Complications associated with closed castration using the Henderson equine castration instrument in 300 standing equids.

Racine, Julien; Vidondo, Beatriz; Ramseyer, Alessandra; Koch, Christoph (2019). Complications associated with closed castration using the Henderson equine castration instrument in 300 standing equids. Veterinary surgery, 48(1), pp. 21-28. Wiley-Blackwell 10.1111/vsu.12960

[img] Text
Complications associated with closed castration.pdf - Published Version
Restricted to registered users only
Available under License Publisher holds Copyright.

Download (604kB) | Request a copy

OBJECTIVE To describe a closed castration technique in standing equids, report associated complications, and identify potential risk factors. STUDY DESIGN Prospective cohort study of 300 standing equids that were castrated with the Henderson Equine Castrating Instrument. METHODS Thirteen participating veterinarians recorded intraoperative difficulties and postoperative complications. Descriptive statistics, univariate analyses with Fisher's exact tests, and logistic regressions were used to evaluate intraoperative difficulties and postoperative complications and to assess risk factors for postoperative complications. RESULTS Data were collected on 300 equids (269 horses, 23 ponies, and 8 donkeys). Intraoperative difficulties were experienced in 39 of 300 (13%) procedures. Postoperative complications were reported in 69 of 300 (23%) equids, including excessive swelling (29, 9.67%), surgical site infection (SSI; 27, 9%), severe hemorrhage (3, 1%), and prolapse of the omentum (2, 0.64%). Donkeys were at increased risk of severe hemorrhage (2/8, 25%, P = .0019). Equids that were castrated in a hospital setting (83/300, 27.66%) more frequently developed excessive swelling (P = .0034, odds ratio [OR] = 3.20) and SSI (P = .0047, OR = 3.18) compared with equids that were castrated in a field setting (217/300, 72.33%). Prolonging antimicrobial prophylaxis or age of the equid at the time of castration had no effect on the prevalence of excessive swelling or SSI. CONCLUSION The method of castration evaluated here resulted in a similar prevalence of postoperative complications to that previously reported for castrations in standing horses but fewer SSI. CLINICAL SIGNIFICANCE The described method provides a viable option for castrating horses and ponies, but is not recommended in donkeys.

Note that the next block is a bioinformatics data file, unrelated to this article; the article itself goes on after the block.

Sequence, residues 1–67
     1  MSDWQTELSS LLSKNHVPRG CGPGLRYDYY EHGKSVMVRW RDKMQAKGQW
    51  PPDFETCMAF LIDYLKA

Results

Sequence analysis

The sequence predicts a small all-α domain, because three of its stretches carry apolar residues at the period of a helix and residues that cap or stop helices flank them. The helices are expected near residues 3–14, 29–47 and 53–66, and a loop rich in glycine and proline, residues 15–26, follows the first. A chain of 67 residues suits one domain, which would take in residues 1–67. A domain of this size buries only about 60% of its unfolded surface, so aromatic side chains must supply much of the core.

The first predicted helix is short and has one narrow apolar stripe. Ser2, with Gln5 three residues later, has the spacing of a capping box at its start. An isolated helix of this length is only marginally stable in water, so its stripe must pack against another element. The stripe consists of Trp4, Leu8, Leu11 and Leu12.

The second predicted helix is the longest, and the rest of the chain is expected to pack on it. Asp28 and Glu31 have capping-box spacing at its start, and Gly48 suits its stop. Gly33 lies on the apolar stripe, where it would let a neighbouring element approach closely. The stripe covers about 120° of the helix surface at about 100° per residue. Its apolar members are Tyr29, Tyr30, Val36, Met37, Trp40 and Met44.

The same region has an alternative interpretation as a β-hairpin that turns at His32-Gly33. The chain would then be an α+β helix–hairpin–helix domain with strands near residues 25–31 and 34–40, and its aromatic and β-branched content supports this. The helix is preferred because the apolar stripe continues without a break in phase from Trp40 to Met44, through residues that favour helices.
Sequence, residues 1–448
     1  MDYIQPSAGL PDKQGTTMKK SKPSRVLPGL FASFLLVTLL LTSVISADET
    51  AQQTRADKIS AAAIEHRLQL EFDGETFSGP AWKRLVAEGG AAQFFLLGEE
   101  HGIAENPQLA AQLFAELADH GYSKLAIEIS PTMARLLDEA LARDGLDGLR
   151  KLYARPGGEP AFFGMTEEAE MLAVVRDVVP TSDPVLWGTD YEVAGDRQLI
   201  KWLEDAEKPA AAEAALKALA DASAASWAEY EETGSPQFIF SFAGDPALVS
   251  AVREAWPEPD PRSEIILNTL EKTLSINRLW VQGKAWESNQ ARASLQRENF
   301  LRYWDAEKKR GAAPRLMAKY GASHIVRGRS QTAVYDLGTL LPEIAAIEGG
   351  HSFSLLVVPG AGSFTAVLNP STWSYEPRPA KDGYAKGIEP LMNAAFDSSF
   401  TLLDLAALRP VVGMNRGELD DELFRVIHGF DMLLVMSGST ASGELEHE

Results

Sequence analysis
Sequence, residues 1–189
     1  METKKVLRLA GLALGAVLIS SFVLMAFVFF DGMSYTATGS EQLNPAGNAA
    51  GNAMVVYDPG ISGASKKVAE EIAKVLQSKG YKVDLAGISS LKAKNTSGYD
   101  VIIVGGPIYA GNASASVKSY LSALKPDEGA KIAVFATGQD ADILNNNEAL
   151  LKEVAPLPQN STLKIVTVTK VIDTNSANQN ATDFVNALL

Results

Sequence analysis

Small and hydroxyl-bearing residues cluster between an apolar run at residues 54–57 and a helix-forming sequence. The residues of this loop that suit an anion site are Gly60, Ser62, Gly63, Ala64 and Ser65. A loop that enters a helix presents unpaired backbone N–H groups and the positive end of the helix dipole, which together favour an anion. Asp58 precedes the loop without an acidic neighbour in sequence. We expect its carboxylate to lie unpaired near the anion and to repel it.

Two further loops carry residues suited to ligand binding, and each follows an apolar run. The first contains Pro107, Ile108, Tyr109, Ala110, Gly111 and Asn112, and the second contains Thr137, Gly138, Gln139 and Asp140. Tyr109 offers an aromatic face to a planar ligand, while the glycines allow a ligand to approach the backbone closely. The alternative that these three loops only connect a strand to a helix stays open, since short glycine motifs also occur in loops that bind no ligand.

Item Type:

Journal Article (Original Article)

Division/Institute:

05 Veterinary Medicine > Department of Clinical Veterinary Medicine (DKV) > Equine Clinic
05 Veterinary Medicine > Department of Clinical Veterinary Medicine (DKV)
05 Veterinary Medicine > Department of Clinical Research and Veterinary Public Health (DCR-VPH) > Veterinary Public Health Institute
05 Veterinary Medicine > Department of Clinical Research and Veterinary Public Health (DCR-VPH)

UniBE Contributor:

Racine, Julien; Vidondo, Beatriz; Ramseyer, Alessandra and Koch, Christoph

Subjects:

600 Technology > 630 Agriculture

ISSN:

0161-3499

Publisher:

Wiley-Blackwell

Language:

English

Submitter:

Andrea Gassmann-Suter

Date Deposited:

23 Jan 2019 11:30

Last Modified:

05 Nov 2019 05:53

Publisher DOI:

10.1111/vsu.12960

PubMed ID:

30367692

BORIS DOI:

10.7892/boris.123238

URI:

https://boris.unibe.ch/id/eprint/123238

Actions (login required)

Edit item Edit item
Provide Feedback